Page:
RI: I mean, one of the things we talked about in terms of how we were defining magic in the project – you can shoot this down if you think I’m being too specific about it! But it’s important to think about, especially in what we’re talking about as a modern context, it’s important to think about individual practices that people adopt in order to make sense of the world around them; in order to, in certain ways, gain some kind of mode of control over the world around them. So I think that emphasis – that is classic in most anthropological theory – that what we’re talking about here are certainly social practices that exist within a social space, but which are in the domain of individual actions, rather than necessarily religious ritual which brings social groups together. But I think that that’s quite important in a way, for talking about the modern world because, in fact, as has been repeatedly pointed out, we’re seeing more and more individualisation, more and more fragmentation in how people . . . You know: the whole designation of people talking about themselves a spiritual but not religious, these kinds of things. It’s often about this idea that people are being more idiosyncratic, more personal, in how they engage with the world, and what is potentially unknowable. But something I mentioned this morning which I think is a really interesting case in point, because it’s a contested one: recently Sally Le Page launching an attack on water companies in the UK for, in her terms, practising magic. Because she says she contacted these water companies and they said, “Yes, we’re divining, we’re going out with dowsing rods.” Or, “Some of the people who work for us are going out with divining rods and they’re looking for water. And that’s part of the battery of things that are used.” Now what’s interesting there is, immediately she leaps to this idea that this is magic because it’s something which doesn’t necessarily fit with our hypothetical deduction method of science. So this is a thing which we should have been left behind, once we’d worked out proper scientific ways of finding water. But, in fact, when I talk to people in Orkney – some of whom do rely on divining in order to find where to bore for water – this works. This is practical knowledge that people have of the landscape and where to find water. So, they’re not necessarily – and I think this is an important point – they’re not necessarily thinking of it, or describing it as magic. But, certainly, they would reject the idea that simply because something doesn’t fit with what is tested and known, according to the parameters of science, they’re not going to reject it just because of that. They’re not going to say, “Oh well it doesn’t fit with the peer-reviewed literature. I’m not going to divine for water anymore!” In fact, this is practical knowledge of the landscape and that’s what they go with.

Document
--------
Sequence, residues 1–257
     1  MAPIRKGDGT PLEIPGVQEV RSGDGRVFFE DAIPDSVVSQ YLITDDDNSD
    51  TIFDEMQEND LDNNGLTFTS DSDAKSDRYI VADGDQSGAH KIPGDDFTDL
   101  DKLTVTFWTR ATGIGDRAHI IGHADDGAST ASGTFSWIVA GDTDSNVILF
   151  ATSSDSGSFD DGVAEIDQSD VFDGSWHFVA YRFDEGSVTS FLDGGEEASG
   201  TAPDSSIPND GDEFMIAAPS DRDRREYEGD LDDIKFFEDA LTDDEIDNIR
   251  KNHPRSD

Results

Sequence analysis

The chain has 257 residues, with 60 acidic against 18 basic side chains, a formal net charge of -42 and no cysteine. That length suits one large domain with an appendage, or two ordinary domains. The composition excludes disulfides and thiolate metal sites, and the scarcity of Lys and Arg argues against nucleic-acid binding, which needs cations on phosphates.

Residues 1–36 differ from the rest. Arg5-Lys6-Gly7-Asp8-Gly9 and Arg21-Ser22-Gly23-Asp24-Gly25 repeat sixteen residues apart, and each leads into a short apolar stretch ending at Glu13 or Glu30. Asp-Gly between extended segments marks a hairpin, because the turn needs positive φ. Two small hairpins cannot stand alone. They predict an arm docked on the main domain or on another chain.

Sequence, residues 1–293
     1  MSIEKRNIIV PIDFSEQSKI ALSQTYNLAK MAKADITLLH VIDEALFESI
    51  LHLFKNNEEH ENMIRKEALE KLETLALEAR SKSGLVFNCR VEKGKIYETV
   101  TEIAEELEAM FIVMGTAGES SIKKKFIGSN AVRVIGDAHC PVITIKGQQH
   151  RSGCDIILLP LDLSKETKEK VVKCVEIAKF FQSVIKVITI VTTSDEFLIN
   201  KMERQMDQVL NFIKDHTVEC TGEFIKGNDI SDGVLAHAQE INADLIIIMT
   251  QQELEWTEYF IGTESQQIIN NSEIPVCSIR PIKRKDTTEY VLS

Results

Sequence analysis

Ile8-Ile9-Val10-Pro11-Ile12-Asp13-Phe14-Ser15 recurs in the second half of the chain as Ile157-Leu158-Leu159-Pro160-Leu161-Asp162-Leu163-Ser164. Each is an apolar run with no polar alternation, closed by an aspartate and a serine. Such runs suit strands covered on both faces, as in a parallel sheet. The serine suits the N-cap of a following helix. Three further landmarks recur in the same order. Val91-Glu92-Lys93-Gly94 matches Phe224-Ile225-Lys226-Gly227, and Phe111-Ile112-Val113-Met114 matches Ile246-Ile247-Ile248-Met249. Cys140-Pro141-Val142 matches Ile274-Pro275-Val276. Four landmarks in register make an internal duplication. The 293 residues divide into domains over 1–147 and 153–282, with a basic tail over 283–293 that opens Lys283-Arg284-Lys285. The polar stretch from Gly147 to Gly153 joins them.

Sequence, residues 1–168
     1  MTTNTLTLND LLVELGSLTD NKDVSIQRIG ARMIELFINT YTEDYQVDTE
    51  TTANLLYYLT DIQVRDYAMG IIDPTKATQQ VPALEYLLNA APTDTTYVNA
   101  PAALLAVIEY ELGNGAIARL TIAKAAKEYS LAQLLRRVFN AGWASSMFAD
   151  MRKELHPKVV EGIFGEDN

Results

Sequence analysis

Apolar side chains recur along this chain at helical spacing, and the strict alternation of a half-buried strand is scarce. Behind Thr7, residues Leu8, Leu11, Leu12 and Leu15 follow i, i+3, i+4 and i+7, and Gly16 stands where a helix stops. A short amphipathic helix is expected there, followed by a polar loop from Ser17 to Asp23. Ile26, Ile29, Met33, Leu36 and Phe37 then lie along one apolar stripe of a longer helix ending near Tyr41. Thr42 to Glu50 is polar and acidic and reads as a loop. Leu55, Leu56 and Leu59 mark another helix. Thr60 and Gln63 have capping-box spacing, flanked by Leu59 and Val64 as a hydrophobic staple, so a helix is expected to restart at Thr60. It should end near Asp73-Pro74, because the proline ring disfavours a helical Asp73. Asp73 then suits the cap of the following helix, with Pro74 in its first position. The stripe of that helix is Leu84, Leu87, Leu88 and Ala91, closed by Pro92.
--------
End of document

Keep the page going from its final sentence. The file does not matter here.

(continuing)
DR: It seems to me that really you’ve got two different kinds of magic in play there, and I think this is common across the board. It’s not meant as a criticism of you, but rather for the listener in terms of how we are using the term discursively. So on the one hand you said, that it was something that wasn’t part of a recognised religious tradition, it wasn’t about religious communities but it was used by the individual. But then we shifted to talking about it as something which wasn’t . . . that was a practice that was thought of as having efficacy, but not through appeals to science.

RI: Mmm.

DR: So those are two quite different things, are they not?

TK: Yes. That’s a good question. One of the reasons that the project is interesting to me, as well, is that people have lost touch with what magic is. Because if you go to initial ethnographic studies, like magic is not just a belief in the supernatural, or belief in, you know, Gods or spiritual beings. Magic is also like a system of practices which have actual ways of reproducing societal structures and kinships. And I think, as Richard said, modernity kind-of led to the fragmentation of the individual and, in a way, led to the fragmentation of magic as well. So we can talk about this later as well, that magic has certain polysemy.

DG: Yes.

TK: Like people understand what magic is in different ways. So, to use Richard’s language from this morning, today there is a certain archaeology of magic. The word magic has been hidden under kind-of layers of modernity, layers of science, and so, in a way, we’re kind-of conducting an archaeology of how people relocate these traces of magical thinking in the everyday.